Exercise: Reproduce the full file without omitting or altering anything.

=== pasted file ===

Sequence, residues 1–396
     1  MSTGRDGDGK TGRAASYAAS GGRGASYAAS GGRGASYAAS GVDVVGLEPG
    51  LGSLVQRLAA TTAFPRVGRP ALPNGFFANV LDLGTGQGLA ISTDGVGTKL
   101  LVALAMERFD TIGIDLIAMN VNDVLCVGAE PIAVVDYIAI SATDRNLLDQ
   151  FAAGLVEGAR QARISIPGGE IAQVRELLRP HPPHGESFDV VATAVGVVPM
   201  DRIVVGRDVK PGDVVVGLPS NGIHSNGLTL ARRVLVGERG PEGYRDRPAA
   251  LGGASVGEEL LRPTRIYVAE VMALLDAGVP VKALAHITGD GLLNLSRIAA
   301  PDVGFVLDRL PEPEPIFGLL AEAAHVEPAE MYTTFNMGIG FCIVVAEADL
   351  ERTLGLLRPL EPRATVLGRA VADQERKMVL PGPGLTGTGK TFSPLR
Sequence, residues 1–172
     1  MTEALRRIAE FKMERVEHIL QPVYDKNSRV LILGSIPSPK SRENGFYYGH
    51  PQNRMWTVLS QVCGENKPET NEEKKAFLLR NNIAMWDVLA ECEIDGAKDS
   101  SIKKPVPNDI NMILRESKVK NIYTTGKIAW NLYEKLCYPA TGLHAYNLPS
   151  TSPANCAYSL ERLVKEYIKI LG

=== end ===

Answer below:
Sequence, residues 1–396
     1  MSTGRDGDGK TGRAASYAAS GGRGASYAAS GGRGASYAAS GVDVVGLEPG
    51  LGSLVQRLAA TTAFPRVGRP ALPNGFFANV LDLGTGQGLA ISTDGVGTKL
   101  LVALAMERFD TIGIDLIAMN VNDVLCVGAE PIAVVDYIAI SATDRNLLDQ
   151  FAAGLVEGAR QARISIPGGE IAQVRELLRP HPPHGESFDV VATAVGVVPM
   201  DRIVVGRDVK PGDVVVGLPS NGIHSNGLTL ARRVLVGERG PEGYRDRPAA
   251  LGGASVGEEL LRPTRIYVAE VMALLDAGVP VKALAHITGD GLLNLSRIAA
   301  PDVGFVLDRL PEPEPIFGLL AEAAHVEPAE MYTTFNMGIG FCIVVAEADL
   351  ERTLGLLRPL EPRATVLGRA VADQERKMVL PGPGLTGTGK TFSPLR
Sequence, residues 1–172
     1  MTEALRRIAE FKMERVEHIL QPVYDKNSRV LILGSIPSPK SRENGFYYGH
    51  PQNRMWTVLS QVCGENKPET NEEKKAFLLR NNIAMWDVLA ECEIDGAKDS
   101  SIKKPVPNDI NMILRESKVK NIYTTGKIAW NLYEKLCYPA TGLHAYNLPS
   151  TSPANCAYSL ERLVKEYIKI LG